Don't use property taxes for hospital
(Letters to the Editor)
Columnist Randall Denley raises the question of how the new Ottawa Civic Hospital, once it lands on its new location, will be paid for. He estimates that the local contribution to this estimated $2 billion project will be 10% or $200 million. Let me be among the first to say "not from property taxes".
Health care is a provincial responsibility, not a municipal responsibility. The Province of Ontario has the tax sources (income, corporate, sales taxes) plus federal transfers to fund this important responsibility. Municipalities do not. Municipalities rely on property taxes and fees to cover their responsibilities, and have a tough time doing this based on these revenue limited sources, which is why they are forever lobbying senior levels of government for funding to meet such basic infrastructure needs as roads, sewers, transit, and housing.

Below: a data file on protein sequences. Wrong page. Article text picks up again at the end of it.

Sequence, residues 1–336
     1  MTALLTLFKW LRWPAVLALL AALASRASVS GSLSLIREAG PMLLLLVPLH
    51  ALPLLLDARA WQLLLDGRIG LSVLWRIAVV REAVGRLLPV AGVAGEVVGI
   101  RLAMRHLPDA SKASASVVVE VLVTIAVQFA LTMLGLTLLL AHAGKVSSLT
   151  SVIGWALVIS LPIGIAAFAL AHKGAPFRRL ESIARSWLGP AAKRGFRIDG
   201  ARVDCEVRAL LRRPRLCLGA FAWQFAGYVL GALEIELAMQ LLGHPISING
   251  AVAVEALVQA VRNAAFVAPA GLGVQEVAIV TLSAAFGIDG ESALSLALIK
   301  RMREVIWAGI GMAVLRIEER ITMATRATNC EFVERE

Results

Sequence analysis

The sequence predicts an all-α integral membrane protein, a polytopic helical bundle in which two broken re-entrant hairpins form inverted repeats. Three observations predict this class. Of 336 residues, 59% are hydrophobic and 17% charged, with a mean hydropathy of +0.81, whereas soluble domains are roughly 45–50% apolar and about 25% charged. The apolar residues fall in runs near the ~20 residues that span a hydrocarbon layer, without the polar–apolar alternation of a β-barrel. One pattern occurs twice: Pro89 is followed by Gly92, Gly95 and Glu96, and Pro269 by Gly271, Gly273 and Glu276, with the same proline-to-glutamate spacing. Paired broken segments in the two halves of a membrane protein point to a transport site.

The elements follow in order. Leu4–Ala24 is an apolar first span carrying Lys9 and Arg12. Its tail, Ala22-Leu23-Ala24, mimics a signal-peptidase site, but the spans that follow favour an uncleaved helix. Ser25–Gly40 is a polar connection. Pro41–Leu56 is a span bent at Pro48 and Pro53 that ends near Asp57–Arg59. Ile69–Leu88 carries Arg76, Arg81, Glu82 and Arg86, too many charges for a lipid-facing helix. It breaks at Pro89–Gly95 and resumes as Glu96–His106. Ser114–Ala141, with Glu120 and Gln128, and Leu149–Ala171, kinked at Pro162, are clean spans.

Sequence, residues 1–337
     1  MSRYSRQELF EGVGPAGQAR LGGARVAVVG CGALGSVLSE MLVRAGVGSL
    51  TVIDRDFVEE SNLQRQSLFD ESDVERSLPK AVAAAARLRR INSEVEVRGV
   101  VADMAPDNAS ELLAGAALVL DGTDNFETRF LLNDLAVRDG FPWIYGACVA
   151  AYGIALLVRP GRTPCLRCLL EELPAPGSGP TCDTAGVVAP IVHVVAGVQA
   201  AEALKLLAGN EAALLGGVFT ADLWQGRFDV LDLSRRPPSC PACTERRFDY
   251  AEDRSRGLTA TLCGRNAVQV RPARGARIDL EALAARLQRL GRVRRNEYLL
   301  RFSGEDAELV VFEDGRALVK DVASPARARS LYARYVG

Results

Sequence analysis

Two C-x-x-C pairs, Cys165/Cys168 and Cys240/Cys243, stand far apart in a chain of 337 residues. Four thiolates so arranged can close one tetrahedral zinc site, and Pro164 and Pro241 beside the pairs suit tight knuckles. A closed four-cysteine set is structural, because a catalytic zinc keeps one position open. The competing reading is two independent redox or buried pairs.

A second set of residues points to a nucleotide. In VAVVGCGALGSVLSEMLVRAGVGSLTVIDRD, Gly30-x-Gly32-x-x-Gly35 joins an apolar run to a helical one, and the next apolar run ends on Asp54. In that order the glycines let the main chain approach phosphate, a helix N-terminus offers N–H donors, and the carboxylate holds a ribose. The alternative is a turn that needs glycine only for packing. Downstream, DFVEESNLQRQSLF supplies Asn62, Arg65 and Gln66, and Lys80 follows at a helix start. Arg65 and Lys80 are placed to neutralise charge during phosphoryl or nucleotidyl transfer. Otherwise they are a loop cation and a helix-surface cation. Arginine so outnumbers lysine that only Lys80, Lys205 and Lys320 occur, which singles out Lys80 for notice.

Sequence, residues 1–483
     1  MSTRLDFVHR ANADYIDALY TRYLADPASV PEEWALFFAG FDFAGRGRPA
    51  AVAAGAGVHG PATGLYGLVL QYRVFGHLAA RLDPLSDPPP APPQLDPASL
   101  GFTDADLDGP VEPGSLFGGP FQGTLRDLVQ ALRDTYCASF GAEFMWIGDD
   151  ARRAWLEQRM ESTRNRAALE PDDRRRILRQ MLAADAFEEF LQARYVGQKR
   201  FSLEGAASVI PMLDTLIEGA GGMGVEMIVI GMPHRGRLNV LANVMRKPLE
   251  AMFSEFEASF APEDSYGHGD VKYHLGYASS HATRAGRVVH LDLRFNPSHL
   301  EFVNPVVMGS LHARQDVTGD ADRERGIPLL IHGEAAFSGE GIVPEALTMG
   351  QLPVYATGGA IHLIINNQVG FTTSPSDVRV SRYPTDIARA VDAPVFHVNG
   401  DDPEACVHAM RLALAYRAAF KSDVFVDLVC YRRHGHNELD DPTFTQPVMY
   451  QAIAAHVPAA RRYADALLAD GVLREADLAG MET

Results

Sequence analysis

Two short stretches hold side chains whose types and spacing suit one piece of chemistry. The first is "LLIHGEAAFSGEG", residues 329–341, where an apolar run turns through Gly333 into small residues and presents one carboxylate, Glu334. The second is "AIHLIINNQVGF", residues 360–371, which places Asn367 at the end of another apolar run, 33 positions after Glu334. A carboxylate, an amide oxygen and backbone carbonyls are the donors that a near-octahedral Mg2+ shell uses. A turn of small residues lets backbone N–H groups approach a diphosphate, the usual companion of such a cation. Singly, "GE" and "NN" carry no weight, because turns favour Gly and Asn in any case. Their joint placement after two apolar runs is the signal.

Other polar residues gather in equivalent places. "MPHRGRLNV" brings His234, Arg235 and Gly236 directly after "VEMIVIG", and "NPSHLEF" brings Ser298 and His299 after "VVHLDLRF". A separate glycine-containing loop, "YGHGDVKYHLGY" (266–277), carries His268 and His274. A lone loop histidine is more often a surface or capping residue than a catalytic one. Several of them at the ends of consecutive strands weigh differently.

And there is a more fundamental reason why property taxes are inappropriate to fund hospitals: their regressive nature. Property taxes are not based on ability to pay: the same taxes are required on a home assessed at $300,000 no matter if you are a young family with kids, a professional 6-figure income couple without children, or a retired couple living on pensions. This is why municipalities are adverse to funding social programs like social assistance from property taxes.
Ottawa City Council has traditionally rejected appeals to fund hospital capital projects from property taxes, for many of the reasons listed above. It would be a good tradition to continue.
(City Councillor, 2000-2010)